Randall Jarrell once subjected an illustrious poet’s entire oeuvre to the precomputer equivalent of word-search and revealed the matrix of 40 favorite (i.e., overused) words that encapsulated his sensibility. You could do something similar to Against Race, the new book by Paul Gilroy, British cultural studies maven and Yale professor of sociology and African American studies. On one side lurk all the isms that make Gilroy frown: purism, essentialism, primordialism, unanimism. On the other, the words that make him smile: hybrid, syncretic, cosmopolitan, transcultural, diaspora. Against Race‘s contentious contention is that even in their “weak” cultural forms the first cluster of bad terms are philosophically on the same track as ultranationalism, fascism, genocide.
With admirable courage, Gilroy dismisses race as a quasibiological mystification, a toxic concept that has degraded our thought. Railing against the “cheap pseudo-solidarities” offered by ethnic loyalty, he strives to discredit utterly what he calls “race-thinking.” Just as Michel Foucault interrogated “sexuality” as a discourse, Gilroy traces the history of “raciology” as a pseudoscience—from 19th-century fusions of superstition and logic like eugenics and the theories of racial decline through miscegenation to Nazi ideas of “blood and soil” and “lebensraum.”
What will surely upset many readers is Gilroy’s provocative argument that fascism is not the special genius of white folks. He highlights the strange pacts that have sometimes developed between black separatists and white supremacists. For instance, back-to-Africa prophet Marcus Garvey met with the Ku Klux Klan in 1922 and concluded that they shared similar ideals of purifying and standardizing the race. Gilroy dubs this syndrome “fraternalist mirroring”—blood-brotherhoods who are enemies but who respect each other as honest representatives and brutal defenders of their race. Garvey’s United Negro Improvement Association even anticipated Hitler’s and Mussolini’s use of uniform and drill. Just before the war, Garvey boasted, “We were the first Fascists,” and as late as 1974 his son was still calling for “an African ‘Lebensraum.’ ” Gilroy suggests that the careers of Garvey, Farrakhan, Milosevic, and other messianic leaders are based on a nation-building narrative that goes back to Moses: the shepherding of a weak, scattered, but “chosen” people toward its manifest destiny or promised land.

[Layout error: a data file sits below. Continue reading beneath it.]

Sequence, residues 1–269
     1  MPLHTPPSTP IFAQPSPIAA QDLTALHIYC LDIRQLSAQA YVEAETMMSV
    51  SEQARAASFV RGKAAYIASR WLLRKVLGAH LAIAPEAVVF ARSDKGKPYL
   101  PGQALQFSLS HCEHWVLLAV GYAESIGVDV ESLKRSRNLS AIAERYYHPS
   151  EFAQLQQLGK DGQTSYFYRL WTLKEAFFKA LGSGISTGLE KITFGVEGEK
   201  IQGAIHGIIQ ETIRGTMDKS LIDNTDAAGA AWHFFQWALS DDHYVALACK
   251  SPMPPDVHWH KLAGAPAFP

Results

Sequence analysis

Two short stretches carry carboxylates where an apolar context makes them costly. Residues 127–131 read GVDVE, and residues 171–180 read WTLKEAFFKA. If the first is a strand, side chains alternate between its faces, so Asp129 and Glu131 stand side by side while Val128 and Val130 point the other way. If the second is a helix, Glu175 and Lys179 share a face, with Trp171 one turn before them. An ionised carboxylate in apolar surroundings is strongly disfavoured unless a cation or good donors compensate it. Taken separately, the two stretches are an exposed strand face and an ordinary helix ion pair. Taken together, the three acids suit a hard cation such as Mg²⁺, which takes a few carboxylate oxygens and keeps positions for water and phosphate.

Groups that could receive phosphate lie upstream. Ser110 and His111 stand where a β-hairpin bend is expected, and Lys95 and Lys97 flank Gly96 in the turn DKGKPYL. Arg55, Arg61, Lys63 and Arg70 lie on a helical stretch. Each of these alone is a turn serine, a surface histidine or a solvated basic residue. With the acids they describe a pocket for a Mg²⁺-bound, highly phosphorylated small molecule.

Against all these manifestations of “ethnic absolutism,” with their tendencies toward authoritarianism, militarism, and pageantry, Gilroy wields the concept of diaspora. As most famously explored in his book The Black Atlantic (about the crisscrossing cultural traffic connecting Africa, the Caribbean, America, and Britain), diasporic identity has nothing to do with chosen exile or migration; Gilroy stresses the crucial dimension added by the forced nature of the dispersal. As traumatic as the Jewish diaspora or the Middle Passage was, Gilroy values the end result: a “dual consciousness” that comes from being neither totally assimilated to the new culture nor able to preserve the old folkways. In turn, diasporic peoples unavoidably transform the cultures they pass through; they unsettle wherever they settle. London, whose popular culture mixes Jamaican, Indian, and imported black American music and style, is just one example of this vital hybridity.